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A Program to Eradicate Twenty-Four Nonnative Invasive Plant Species from Santa Cruz Island
- Cory, Coleen, Knapp, John J.
- Monographs of the Western North American naturalist 2014 v.7 pp. 455-464
- The Nature Conservancy, applicators, biomass, buried seeds, ecosystems, flora, herbicides, invasive species, monitoring, reproduction, surveys, vertebrates, weeds, California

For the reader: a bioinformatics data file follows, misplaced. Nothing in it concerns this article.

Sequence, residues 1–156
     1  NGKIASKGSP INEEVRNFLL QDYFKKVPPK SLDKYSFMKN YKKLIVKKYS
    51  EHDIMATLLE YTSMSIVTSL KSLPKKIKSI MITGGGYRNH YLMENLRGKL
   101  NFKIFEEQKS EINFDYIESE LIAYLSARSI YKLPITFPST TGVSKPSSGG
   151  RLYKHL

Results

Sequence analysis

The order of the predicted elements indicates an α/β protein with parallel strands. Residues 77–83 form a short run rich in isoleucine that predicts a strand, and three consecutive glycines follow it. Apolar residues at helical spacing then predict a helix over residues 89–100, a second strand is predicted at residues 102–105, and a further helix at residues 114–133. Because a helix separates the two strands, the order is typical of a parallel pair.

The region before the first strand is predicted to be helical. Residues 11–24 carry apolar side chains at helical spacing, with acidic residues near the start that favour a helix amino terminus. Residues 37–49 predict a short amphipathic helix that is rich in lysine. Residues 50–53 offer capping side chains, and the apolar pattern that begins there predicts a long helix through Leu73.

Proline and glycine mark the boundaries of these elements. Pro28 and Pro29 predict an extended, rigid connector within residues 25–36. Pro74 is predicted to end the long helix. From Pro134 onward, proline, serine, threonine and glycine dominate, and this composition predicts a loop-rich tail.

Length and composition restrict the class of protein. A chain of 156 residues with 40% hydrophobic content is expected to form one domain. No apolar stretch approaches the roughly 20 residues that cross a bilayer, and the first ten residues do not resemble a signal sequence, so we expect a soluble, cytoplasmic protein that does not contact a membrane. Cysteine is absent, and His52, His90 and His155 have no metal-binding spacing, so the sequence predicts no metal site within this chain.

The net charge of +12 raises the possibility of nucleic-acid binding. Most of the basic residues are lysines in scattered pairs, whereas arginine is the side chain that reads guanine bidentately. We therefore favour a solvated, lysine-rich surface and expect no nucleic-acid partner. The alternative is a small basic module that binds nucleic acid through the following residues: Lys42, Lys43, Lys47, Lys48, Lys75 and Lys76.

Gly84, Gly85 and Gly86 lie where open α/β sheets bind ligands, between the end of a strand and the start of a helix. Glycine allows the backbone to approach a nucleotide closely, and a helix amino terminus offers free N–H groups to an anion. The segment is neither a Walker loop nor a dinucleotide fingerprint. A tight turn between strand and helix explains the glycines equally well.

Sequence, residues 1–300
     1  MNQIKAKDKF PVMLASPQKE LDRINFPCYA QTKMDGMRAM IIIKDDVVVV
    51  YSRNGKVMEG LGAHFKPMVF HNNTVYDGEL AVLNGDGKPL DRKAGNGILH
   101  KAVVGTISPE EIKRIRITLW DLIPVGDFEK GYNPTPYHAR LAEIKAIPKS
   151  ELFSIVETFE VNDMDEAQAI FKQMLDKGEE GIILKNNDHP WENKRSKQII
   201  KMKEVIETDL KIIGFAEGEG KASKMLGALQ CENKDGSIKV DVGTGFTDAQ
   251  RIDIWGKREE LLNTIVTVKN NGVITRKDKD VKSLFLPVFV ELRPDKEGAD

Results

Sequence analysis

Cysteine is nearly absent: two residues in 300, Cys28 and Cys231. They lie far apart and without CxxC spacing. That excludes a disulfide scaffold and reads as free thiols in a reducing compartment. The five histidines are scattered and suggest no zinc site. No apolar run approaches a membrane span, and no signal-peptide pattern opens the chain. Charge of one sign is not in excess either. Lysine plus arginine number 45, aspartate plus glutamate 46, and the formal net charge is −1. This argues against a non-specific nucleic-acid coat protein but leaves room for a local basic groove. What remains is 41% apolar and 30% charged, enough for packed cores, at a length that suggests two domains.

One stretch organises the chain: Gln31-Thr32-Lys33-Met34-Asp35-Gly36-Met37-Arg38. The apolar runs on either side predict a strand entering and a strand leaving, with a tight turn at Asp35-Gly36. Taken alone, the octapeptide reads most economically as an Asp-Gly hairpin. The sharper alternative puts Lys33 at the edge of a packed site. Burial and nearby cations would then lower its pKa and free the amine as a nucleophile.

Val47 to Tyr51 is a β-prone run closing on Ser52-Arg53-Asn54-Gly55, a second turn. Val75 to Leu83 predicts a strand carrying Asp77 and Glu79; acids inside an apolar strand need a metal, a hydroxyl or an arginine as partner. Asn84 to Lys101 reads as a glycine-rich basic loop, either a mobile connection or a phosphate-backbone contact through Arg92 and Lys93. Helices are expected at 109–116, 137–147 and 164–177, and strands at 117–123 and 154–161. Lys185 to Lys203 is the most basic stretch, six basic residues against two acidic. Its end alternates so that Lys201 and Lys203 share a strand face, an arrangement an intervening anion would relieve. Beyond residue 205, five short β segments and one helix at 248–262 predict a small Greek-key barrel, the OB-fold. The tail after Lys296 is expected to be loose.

- Santa Cruz Island, California, has been free of nonnative vertebrates since 2007, but nonnative invasive plants remain one of the most significant threats to the recovery of the island's native ecosystems. Just over one-fourth of the island's flora is comprised of nonnative, naturalized plant species. In 2007, an island-wide invasive plant survey indicated that several species were candidates for eradication based on factors such as their distribution, abundance, invasiveness, and known or projected harmful impacts on the native biota. In 2008, The Nature Conservancy (TNC) and Native Range, Inc., initiated a program to eliminate 15 invasive plant species from TNC's portion (76%) of the 246-km² island. An additional 9 species were targeted in subsequent years. As of 2012, a total of 882 populations of 24 weed species have been mapped and treated, and 73% of these populations are considered inactive (dead), with no aboveground living biomass. The majority of the remaining active infestations are due to resurgence from the soil seed bank. Continued monitoring and annual follow-up treatments of invasive plants will be required. Utilization of a small helicopter provides surveyors and herbicide applicators with efficient access to remote infestations and a platform from which to treat populations and detect individual plants. Most important in achieving project success is consistent treatment from year to year, which prevents reproduction and recovery of infestations. Long-lived soil seed banks for some species will be a management issue for years to come. Continued commitment to eradicating these weeds and the ability to detect incipient infestations and respond rapidly to eliminate them will be key determinants of success of this program.